Maybe it was the frosting, which a TSA agent tsk-tsked for being "too gel-like."
Or maybe it was the sinister name of the company that baked it -- Wicked Good Cupcakes -- that made the federal agency charged with protecting America's transportation systems suspect the cupcake contained more than chocolatey holiday cheer.
Whatever the reason, we now have the latest TSA scandal: Rebecca Hains, a Peabody, Mass., college professor, says a single cupcake was confiscated by TSA agents in Las Vegas last week.
The agency bans certain liquids and gels, even though there's no convincing evidence that terrorists are plotting to bring down a plane with liquid explosives or specifically that the topping in a single tasty holiday cupcake could incinerate an aircraft.
These must be actions of a single, overzealous TSA agent, right?
If only. When I mentioned this story on Twitter a few days ago, I heard back from readers who said airport screeners were busy confiscating all kinds of Christmas contraband, including snowglobes and cheese dip.
Truth is, the TSA has been swiping our holiday stuff for years.
One of the earliest reports came by way of Jessica Bruder, a writer for the Portland Oregonian who flew to Illinois over the Thanksgiving holiday in 2007 and almost had her apple pie confiscated by a federal screener.
After sliding her dish through the conveyor belt, the interrogation began:
"Are you the pie lady?" the agent demanded.
Standing there in orange polka-dot socks, jeans inching down my hips, I nodded soberly. He indicated we'd have more to talk about on the far side of the metal detector.
When my pie emerged, the questions began.
"What kind of pie is that?" He squinted at the pan.
"Apple. With some raspberries."
"Does it have lumps?"
I glanced at the crust, which was black in places and looked like a topographical rendering of the Himalayas.
You get the idea. The agent eventually let her fly with the pie, but admitted to confiscating dozens of pumpkin pies because they were too close to the consistency of plastic explosives.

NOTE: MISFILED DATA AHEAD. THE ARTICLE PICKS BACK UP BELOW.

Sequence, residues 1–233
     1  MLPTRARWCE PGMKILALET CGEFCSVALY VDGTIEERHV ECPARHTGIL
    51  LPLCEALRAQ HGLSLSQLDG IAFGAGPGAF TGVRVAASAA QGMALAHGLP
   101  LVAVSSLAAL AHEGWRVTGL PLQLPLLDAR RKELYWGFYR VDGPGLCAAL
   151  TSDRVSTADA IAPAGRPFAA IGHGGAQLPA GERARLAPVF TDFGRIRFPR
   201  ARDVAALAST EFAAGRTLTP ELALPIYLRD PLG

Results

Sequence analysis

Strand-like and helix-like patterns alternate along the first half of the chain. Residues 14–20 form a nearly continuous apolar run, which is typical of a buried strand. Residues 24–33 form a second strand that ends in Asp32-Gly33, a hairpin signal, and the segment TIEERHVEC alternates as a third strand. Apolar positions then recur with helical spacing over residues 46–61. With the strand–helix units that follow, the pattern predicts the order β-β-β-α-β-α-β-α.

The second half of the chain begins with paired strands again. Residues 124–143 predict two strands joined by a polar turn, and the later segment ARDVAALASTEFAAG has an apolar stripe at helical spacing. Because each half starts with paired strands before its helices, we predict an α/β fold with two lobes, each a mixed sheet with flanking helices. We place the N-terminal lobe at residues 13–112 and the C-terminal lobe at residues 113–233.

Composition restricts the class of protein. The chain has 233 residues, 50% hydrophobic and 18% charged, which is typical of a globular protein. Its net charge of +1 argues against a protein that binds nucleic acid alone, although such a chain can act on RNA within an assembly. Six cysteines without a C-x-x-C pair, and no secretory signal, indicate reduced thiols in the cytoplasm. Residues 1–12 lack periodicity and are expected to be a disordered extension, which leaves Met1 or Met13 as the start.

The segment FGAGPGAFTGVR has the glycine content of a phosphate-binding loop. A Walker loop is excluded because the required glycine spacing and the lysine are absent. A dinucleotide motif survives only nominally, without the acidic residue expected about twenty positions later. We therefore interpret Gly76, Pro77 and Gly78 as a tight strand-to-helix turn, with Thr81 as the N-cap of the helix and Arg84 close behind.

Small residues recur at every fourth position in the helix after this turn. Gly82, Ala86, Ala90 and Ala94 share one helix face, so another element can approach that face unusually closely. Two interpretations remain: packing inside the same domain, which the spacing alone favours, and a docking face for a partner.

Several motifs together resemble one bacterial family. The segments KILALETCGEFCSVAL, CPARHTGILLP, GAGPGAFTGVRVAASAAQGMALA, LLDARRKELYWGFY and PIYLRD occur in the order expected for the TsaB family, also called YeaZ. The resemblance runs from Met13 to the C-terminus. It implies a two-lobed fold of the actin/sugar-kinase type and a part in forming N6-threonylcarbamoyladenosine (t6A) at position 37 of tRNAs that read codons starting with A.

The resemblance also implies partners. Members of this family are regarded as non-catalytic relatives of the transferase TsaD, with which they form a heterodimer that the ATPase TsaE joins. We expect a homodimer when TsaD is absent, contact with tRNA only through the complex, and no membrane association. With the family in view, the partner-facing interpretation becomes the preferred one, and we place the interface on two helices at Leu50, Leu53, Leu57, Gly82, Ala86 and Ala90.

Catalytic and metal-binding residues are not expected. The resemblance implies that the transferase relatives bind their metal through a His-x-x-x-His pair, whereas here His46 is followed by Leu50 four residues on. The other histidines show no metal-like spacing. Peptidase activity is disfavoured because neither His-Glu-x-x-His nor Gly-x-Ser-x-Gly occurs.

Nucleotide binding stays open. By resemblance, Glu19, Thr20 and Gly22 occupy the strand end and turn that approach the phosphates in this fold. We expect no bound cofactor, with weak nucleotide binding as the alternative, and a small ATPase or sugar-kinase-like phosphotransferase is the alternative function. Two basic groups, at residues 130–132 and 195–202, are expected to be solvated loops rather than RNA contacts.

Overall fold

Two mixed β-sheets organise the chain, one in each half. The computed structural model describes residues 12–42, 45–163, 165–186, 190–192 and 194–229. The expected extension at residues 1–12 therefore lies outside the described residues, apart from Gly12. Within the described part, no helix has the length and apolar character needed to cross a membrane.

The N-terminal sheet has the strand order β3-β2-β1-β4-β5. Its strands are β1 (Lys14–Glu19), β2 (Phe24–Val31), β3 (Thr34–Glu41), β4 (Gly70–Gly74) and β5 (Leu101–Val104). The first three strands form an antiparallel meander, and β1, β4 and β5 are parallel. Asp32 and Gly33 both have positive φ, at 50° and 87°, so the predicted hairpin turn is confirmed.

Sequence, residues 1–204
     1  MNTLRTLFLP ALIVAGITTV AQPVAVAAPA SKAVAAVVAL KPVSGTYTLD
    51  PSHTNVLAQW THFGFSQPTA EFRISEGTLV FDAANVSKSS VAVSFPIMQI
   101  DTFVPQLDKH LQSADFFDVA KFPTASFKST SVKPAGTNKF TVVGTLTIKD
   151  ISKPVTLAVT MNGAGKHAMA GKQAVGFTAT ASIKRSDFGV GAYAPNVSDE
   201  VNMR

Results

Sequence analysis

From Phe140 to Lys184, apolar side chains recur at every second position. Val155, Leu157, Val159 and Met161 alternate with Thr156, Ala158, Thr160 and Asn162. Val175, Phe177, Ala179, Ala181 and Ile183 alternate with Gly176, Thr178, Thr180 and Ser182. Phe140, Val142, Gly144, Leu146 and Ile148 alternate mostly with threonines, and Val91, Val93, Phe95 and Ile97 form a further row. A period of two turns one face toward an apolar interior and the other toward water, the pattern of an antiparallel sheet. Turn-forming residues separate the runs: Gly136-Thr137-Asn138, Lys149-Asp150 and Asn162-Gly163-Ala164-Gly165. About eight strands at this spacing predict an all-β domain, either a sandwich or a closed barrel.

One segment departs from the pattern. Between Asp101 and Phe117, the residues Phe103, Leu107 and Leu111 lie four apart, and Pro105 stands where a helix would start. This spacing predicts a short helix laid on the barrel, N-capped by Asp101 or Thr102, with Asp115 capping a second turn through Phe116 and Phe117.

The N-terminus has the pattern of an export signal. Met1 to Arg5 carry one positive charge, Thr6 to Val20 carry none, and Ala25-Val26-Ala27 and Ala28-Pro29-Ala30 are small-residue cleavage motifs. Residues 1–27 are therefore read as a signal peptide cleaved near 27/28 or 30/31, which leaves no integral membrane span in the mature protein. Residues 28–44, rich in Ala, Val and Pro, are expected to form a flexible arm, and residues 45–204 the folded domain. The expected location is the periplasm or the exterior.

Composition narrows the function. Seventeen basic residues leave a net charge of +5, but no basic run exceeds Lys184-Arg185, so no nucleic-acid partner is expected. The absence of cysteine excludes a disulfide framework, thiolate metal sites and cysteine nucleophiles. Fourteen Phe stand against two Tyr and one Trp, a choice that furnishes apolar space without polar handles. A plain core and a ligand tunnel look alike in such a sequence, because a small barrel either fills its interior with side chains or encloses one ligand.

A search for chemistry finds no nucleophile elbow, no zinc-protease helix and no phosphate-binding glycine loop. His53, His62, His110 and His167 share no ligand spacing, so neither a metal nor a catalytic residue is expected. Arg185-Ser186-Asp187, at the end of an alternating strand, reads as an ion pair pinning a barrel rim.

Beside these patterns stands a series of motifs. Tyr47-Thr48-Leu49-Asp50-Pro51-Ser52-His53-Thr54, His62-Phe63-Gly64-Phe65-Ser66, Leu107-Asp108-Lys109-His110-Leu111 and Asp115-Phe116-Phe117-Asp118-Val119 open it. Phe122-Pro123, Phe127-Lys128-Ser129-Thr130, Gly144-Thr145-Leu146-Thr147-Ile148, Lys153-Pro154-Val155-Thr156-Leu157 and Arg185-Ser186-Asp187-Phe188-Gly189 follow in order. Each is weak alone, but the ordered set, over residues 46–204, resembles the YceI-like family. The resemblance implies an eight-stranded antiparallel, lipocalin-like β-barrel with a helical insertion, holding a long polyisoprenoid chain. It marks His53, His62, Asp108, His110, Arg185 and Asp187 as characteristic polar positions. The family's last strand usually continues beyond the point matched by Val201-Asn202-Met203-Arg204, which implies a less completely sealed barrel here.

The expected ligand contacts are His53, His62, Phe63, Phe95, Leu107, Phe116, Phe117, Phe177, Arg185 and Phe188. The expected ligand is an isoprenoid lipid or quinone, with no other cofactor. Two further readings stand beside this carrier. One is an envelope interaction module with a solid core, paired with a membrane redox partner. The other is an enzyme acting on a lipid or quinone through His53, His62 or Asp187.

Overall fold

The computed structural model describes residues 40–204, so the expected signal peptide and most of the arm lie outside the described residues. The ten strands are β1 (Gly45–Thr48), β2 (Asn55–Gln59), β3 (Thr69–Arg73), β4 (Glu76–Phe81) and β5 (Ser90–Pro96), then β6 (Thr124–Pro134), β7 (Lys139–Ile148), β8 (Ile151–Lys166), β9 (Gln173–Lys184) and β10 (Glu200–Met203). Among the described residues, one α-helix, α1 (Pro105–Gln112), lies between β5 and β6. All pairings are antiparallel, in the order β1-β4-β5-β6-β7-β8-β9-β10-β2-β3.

Snowglobes are not, however. Why? I haven't heard a reasonable explanation yet. But here's what happened when agents told blogger and Houston Chronicle features editor Kyrie O'Connor she couldn't take hers on the plane earlier this month:
The TSA confiscated my snowglobe.
"Really?" I said. "I bought it at the Lexington airport. I didn't expect to be here. I'm just going to walk down that hall and buy another. Exactly how are you making the world safer by taking my snowglobe?"
And, dear reader, that is when I -- not a crier -- began to cry.
They took my snowglobe.
"Maybe this is the low point of your day and everything gets better from here," said the chirpy TSA woman.
What's going on here?
Does the TSA really believe we're going to commit a terrorist act with a snowglobe or a cupcake? If it does, then it's a lot stupider than it looks in those dashing, law-enforcement style uniforms Congress is allowing its agents to wear.
A far more plausible explanation is that this is just another dark act in TSA's ongoing security theater. It's an episode that repeats itself every Thanksgiving and Christmas, and is intended to remind American air travelers that there will be no peace on earth, no good will to anyone, until the war on terror is won.
Sure, taking away our pies, cupcakes, snowglobes and cheese dip is a relatively minor thing compared with the blatant violations of our civil liberties that take place every day at the airport, including the invasive pat-downs and dangerous body scans.
But it is, on another level, equally troubling.
TSA's actions chip away our holiday cheer, which in recent years has been in short supply. They don't make us feel safer. Instead, they annoy us, sadden us, even demoralize us.
It's like getting a Christmas card from Al-Qaeda.
Thanks for nothing.